In his new Twitter show, Tucker Carlson called Ukrainian leader Volodymyr Zelenskyy "rat-like."
Likening Jews to rodents is a centuries-old antisemitic trope.
Carlson has frequently sided against Ukraine since Russian invaded last year.
Tucker Carlson kicked off his new Twitter show with an antisemitic trope.
During the debut of his show, the recently ousted Fox News host called Ukraine's Jewish president "rat-like" — repeating an age-old slur used against Jews.
Carlson kicked off the first episode of his show Tuesday suggesting that the destruction of the Kakhovka dam in Southern Ukraine was an act of terrorism carried out by Ukrainians — and that US media is instead wrongfully claiming Vladimir Putin may be behind it.
The dam is near the frontlines between Russian and Ukrainian forces. The two warring countries publically blame each other for the breach, though NBC News reported that US intelligence officials believe Russia is likely behind the breach.
"Ukraine, as you may have heard, is led by a man called Zelenskyy. We can say for a dead certain fact that he was not involved. He couldn't have been; Zelensky is too decent for terrorism," Carlson said sarcastically. "Now you see him on television, and it's true you might form a different impression. Sweaty and rat-like, a comedian turned oligarch, a persecutor of Christians, a friend of BlackRock."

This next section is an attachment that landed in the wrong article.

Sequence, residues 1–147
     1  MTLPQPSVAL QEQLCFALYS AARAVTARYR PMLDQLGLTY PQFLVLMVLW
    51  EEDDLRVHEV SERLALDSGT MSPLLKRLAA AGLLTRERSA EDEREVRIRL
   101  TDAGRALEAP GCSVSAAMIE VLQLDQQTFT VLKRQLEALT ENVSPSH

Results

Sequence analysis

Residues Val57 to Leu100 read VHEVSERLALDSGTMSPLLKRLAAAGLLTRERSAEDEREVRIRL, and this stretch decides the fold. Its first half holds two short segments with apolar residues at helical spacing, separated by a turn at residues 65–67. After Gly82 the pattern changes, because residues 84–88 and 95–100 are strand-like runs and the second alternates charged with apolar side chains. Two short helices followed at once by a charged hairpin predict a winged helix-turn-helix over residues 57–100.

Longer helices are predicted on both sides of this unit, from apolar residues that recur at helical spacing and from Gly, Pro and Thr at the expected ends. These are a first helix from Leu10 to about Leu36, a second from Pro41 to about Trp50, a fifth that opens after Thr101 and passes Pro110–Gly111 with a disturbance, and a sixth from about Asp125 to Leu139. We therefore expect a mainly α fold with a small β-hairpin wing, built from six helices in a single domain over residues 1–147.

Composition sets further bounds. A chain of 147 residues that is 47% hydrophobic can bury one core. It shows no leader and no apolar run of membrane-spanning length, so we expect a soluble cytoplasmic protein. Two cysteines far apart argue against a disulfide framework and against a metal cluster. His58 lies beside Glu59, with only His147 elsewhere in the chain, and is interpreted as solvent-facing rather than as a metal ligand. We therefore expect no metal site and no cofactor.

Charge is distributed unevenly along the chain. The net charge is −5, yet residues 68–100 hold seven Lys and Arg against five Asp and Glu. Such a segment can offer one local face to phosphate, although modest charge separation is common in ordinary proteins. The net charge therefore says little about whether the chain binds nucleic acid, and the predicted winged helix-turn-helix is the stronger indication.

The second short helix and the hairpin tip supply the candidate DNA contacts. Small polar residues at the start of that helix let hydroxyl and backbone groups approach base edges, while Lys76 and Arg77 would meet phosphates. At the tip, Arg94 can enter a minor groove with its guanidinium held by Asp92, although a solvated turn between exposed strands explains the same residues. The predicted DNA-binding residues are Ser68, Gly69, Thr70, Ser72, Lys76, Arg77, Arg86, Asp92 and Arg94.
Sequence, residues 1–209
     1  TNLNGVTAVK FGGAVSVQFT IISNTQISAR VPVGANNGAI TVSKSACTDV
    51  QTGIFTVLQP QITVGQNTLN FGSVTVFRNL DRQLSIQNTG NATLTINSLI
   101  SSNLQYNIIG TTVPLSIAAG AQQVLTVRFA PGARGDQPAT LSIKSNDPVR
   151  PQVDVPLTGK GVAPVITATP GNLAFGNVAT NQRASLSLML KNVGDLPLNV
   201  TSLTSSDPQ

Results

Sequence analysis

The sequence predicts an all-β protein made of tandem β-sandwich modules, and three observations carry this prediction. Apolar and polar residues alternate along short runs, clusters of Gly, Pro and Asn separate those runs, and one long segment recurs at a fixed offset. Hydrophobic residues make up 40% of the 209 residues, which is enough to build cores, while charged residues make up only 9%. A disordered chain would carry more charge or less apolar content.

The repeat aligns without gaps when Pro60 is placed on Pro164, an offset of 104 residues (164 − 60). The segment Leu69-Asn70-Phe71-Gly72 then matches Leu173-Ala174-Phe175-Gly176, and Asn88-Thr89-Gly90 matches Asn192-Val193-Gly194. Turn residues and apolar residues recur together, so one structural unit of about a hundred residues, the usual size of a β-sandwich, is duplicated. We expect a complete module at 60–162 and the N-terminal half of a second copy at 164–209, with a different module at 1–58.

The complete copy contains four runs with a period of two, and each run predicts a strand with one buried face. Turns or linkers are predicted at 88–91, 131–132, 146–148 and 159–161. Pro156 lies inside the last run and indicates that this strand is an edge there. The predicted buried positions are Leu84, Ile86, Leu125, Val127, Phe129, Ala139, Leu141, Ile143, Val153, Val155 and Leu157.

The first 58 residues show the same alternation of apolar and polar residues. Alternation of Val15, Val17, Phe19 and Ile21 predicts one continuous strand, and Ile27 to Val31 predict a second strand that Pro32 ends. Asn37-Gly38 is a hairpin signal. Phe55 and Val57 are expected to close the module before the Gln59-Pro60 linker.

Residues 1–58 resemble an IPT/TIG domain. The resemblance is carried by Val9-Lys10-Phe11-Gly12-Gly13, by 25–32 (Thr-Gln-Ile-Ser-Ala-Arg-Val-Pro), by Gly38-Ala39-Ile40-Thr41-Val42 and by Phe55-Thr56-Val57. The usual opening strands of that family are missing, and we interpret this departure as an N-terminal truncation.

The slur of depicting Jews as vermin dates back to the early 20th century, The Guardian reported in 2015. In Nazi Germany, cartoons regularly depicted Jews as rats — including in Nazi Germany's famous propaganda sheet Der Stürmer, which ran a cover page depicting a Nazi gassing Jewish rats.
"When the vermin are dead, the German oak will flourish once more," The Guardian reported.
Carlson's use of a rodent metaphor sparked fresh outrage against the formerly top-rated TV host; the Anti-Defamation League called him out on Twitter, saying "this is exactly the type of dangerous, hateful content that has no place in mainstream public squares."
—ADL (@ADL) June 7, 2023
The Israeli newspaper Haaretz also wrote about Carlson's episode and his history of supporting far-right conspiracy theories that have been linked to anti-Semitism.
Haaretz pointed to Carlson's many attacks on Jewish billionaire philanthropist George Soros. Condemning Soros and painting him as a sort of boogeyman is popular on the right.
An attorney for Carlson didn't immediately return a message seeking comment.
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